That night's episode was called "The Good Guy Fluctuation." It was their season 5 Halloween episode (episode 7). The first scene was "pre-taped." It had some special effects, including a small explosion; I imagine that was the reason that it was pre-taped. While we watched the pre-recorded scene on the monitors, our laughter was recorded using microphones above our heads. Once I noticed the microphones, I made a special effort to watch what I said, even when they weren't recording (not that I normally say anything too embarrassing).

The set for the next scene, the Comic Book Store, was at the far end of the soundstage, so again we could only really watch the scene on the monitors. This time, since they were filming the scene live, cameras were rolling. We could hear a woman say, "Apple... take one... cameras A, B, C, and X... common mark." The slate clapped. The director commanded, "Action." The scene began.

The first take was funny and seemed perfect, but after the actors consulted with the director and producers, they shot the scene again. In the second take, the actors made a few small changes to their delivery and dialogue. It was fun to see a slightly different variation of the scene. After about two full takes and a "pick-up" (small portion of the scene) or two, a man's voice announced, "Moving on."

In between takes and scenes, Mark introduced us to members of the audience who were asked to dance, sing, or demonstrate other "talents." We learned that Mark had been working on the show ever since the pilot episode! We also learned that The Big Bang Theory has fans all over the world; there were people in the audience from India, Brazil, Argentina, Canada and other countries. One woman sang a song in her native language; even the crew seemed to find her song enchanting. Another man sang an homage to The Big Bang Theory.

The show also had a DJ, Ken Millen, who played music when they weren't filming. I liked his choice of songs. Apparently actor Johnny Galecki did too. A few times, I spotted Johnny dancing (very well) to the music.

My friend and I were seated right in front of the Penny's Apartment set. When it came time to shoot a scene there, the camera crew brought in four big cameras and arranged them to get all of the different shots during a single take. We watched the hair and makeup people "touch up" the actors. Then a woman clapped the slate, the director called, "Action," and we watched the actors on the set rather than the monitors.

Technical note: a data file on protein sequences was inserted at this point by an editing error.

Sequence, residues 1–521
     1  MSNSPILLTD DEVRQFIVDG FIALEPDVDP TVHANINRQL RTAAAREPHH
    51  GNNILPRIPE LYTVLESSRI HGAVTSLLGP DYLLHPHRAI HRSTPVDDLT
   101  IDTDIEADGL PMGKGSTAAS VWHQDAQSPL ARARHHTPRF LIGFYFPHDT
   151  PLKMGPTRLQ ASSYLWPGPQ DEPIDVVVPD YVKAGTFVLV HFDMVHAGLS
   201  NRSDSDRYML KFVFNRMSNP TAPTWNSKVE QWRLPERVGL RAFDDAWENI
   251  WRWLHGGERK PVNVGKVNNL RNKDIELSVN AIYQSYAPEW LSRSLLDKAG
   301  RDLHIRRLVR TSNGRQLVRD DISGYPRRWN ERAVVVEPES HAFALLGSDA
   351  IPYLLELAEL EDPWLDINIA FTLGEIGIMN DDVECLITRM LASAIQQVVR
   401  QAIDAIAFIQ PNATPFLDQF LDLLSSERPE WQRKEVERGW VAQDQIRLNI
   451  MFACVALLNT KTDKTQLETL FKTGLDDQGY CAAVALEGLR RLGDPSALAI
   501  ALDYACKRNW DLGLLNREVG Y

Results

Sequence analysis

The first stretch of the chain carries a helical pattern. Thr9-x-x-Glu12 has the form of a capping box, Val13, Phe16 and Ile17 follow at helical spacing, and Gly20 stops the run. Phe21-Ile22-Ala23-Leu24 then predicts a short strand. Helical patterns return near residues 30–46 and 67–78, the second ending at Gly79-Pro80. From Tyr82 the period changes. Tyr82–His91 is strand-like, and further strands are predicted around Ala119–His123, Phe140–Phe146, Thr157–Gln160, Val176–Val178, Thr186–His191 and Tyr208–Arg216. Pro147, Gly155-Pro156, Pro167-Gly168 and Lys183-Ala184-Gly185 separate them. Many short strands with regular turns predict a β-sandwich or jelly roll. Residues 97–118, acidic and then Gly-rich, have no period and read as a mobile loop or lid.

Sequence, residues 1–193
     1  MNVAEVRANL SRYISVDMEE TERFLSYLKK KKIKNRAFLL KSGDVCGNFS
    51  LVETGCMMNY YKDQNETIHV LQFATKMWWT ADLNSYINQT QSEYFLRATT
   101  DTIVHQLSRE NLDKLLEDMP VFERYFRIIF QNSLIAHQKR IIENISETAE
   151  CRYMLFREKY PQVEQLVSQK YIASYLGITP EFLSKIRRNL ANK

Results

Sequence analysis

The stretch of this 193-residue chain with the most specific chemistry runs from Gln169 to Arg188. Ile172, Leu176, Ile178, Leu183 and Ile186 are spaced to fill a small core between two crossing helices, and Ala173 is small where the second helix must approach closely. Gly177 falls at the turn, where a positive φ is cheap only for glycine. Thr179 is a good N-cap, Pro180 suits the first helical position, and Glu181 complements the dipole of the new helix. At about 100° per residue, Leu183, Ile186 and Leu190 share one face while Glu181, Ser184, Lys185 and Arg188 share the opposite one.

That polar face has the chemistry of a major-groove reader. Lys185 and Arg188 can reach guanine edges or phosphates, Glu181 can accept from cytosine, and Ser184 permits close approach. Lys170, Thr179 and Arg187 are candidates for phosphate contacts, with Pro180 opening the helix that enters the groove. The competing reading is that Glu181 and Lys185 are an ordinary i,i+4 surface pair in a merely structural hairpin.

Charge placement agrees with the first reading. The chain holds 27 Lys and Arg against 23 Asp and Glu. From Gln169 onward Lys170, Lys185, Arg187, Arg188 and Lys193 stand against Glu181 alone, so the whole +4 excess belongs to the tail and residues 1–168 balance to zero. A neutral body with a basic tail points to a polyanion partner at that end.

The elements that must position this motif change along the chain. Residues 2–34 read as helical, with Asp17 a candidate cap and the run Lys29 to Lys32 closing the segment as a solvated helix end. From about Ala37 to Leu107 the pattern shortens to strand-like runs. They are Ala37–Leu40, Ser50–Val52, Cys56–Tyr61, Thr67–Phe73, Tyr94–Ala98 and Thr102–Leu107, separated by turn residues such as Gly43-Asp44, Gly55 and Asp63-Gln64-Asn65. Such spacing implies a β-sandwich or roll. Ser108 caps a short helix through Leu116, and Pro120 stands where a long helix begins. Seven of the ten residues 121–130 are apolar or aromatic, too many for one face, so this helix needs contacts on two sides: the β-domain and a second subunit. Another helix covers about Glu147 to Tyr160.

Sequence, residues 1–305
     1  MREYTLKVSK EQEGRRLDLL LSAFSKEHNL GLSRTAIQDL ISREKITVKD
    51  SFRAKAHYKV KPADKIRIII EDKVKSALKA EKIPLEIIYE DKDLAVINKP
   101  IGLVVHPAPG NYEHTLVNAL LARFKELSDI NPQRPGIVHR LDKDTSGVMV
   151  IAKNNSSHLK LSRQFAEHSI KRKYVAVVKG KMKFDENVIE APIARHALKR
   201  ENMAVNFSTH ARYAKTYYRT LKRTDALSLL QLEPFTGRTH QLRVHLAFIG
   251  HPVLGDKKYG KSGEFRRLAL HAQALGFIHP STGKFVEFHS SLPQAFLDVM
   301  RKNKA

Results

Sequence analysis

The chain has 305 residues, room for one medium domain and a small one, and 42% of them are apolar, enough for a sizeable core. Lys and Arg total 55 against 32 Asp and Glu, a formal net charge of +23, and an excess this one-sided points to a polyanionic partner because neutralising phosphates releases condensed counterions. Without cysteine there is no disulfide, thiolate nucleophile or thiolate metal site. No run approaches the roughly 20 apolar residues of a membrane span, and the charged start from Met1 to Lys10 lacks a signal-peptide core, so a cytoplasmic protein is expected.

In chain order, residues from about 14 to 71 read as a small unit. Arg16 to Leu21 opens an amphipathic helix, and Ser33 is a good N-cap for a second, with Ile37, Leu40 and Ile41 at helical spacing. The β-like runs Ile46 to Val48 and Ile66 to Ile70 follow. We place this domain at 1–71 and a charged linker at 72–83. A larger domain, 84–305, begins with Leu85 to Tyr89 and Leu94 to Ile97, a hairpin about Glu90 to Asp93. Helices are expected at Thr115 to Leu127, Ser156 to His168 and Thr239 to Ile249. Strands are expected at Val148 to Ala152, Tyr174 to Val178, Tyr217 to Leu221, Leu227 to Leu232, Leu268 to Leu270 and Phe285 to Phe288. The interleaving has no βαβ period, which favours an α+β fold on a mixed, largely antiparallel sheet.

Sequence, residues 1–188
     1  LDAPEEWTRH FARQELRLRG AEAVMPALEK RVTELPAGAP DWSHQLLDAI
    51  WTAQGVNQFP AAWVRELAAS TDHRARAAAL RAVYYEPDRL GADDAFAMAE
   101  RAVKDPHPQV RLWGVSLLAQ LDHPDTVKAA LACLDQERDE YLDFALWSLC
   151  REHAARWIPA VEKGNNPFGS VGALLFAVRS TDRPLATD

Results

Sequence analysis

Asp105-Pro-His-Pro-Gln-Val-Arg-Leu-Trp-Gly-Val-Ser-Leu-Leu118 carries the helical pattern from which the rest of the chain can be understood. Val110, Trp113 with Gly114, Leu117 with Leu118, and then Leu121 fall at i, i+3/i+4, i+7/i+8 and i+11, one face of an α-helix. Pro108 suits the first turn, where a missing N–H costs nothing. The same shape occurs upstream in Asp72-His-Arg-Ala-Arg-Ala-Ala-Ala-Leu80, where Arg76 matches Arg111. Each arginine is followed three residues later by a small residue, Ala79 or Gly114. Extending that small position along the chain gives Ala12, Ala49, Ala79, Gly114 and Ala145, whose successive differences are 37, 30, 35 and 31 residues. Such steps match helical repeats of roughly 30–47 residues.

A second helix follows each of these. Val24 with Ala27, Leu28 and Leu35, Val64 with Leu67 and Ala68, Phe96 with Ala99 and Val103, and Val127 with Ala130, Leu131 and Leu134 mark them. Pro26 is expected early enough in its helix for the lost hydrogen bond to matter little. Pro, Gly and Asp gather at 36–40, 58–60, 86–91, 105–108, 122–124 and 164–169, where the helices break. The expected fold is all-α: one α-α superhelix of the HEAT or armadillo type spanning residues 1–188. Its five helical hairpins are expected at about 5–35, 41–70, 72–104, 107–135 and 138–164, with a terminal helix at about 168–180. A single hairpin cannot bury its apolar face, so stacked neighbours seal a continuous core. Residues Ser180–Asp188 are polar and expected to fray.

When the director said, "Cut," the crew went to work, resetting the set. Since Penny (Kaley Cuoco) was pouring wine during the scene, they wheeled over a cart stocked with clean wine glasses and a bottle of grape juice (at least that's what it looked like) and quickly replaced and refilled everything so that, for each take, it looked like Penny was doing things for the first time.
The night wore on, but I never lost interest in the filming, even though every scene was performed at least twice. The writing, the acting, and the funny changes to the dialogue kept my attention. Also, there was an energy inside the soundstage. I'd never watched The Big Bang Theory with so many Big Bang Theory fans. That was really special!

The final scene, the "tag,", was perfect! Just one take and they were done. The filming took a total of about three hours, but I could have watched for many more.

As we funneled out of the soundstage and through the Warner Bros. lot, security officers and representatives from Audiences Unlimited thanked us for coming. Since we hadn't been allowed to bring cameras onto the lot, my friend and I left only with our memories and the show program, our "proof" that we'd been part of a Big Bang Theory studio audience.
Warner Bros. Studios in Burbank, California Gate 2 at night after a Big Bang Theory taping

I did this on September 27th, 2011 in Burbank, California, USA.

Thanks for reading!
~ Jen